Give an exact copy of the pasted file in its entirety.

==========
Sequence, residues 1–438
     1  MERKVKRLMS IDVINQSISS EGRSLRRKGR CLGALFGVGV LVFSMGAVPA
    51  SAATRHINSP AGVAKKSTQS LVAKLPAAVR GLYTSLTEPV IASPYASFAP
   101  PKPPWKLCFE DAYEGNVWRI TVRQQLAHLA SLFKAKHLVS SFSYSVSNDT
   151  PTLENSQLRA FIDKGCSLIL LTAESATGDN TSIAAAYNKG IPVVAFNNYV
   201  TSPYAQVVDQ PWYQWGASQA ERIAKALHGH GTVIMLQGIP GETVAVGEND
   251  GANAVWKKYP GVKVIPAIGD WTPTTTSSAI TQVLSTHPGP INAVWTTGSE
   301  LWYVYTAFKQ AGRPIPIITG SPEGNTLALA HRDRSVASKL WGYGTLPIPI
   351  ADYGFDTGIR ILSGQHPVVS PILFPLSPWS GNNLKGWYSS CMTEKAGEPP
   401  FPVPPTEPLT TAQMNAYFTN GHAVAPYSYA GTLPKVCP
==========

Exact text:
Sequence, residues 1–438
     1  MERKVKRLMS IDVINQSISS EGRSLRRKGR CLGALFGVGV LVFSMGAVPA
    51  SAATRHINSP AGVAKKSTQS LVAKLPAAVR GLYTSLTEPV IASPYASFAP
   101  PKPPWKLCFE DAYEGNVWRI TVRQQLAHLA SLFKAKHLVS SFSYSVSNDT
   151  PTLENSQLRA FIDKGCSLIL LTAESATGDN TSIAAAYNKG IPVVAFNNYV
   201  TSPYAQVVDQ PWYQWGASQA ERIAKALHGH GTVIMLQGIP GETVAVGEND
   251  GANAVWKKYP GVKVIPAIGD WTPTTTSSAI TQVLSTHPGP INAVWTTGSE
   301  LWYVYTAFKQ AGRPIPIITG SPEGNTLALA HRDRSVASKL WGYGTLPIPI
   351  ADYGFDTGIR ILSGQHPVVS PILFPLSPWS GNNLKGWYSS CMTEKAGEPP
   401  FPVPPTEPLT TAQMNAYFTN GHAVAPYSYA GTLPKVCP